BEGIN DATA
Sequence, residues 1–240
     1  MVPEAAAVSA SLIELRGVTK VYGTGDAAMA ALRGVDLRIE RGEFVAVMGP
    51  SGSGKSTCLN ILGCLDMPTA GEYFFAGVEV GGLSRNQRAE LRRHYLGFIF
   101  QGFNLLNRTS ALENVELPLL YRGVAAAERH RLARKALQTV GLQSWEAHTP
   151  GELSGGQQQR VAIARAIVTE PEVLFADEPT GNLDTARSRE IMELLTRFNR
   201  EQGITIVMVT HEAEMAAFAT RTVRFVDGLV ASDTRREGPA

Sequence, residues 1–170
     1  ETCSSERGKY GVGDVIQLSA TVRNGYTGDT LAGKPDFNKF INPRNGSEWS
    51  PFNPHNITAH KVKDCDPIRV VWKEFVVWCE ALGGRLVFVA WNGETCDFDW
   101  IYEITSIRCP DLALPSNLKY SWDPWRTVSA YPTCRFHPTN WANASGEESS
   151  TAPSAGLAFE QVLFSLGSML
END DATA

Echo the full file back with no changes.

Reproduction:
Sequence, residues 1–240
     1  MVPEAAAVSA SLIELRGVTK VYGTGDAAMA ALRGVDLRIE RGEFVAVMGP
    51  SGSGKSTCLN ILGCLDMPTA GEYFFAGVEV GGLSRNQRAE LRRHYLGFIF
   101  QGFNLLNRTS ALENVELPLL YRGVAAAERH RLARKALQTV GLQSWEAHTP
   151  GELSGGQQQR VAIARAIVTE PEVLFADEPT GNLDTARSRE IMELLTRFNR
   201  EQGITIVMVT HEAEMAAFAT RTVRFVDGLV ASDTRREGPA

Sequence, residues 1–170
     1  ETCSSERGKY GVGDVIQLSA TVRNGYTGDT LAGKPDFNKF INPRNGSEWS
    51  PFNPHNITAH KVKDCDPIRV VWKEFVVWCE ALGGRLVFVA WNGETCDFDW
   101  IYEITSIRCP DLALPSNLKY SWDPWRTVSA YPTCRFHPTN WANASGEESS
   151  TAPSAGLAFE QVLFSLGSML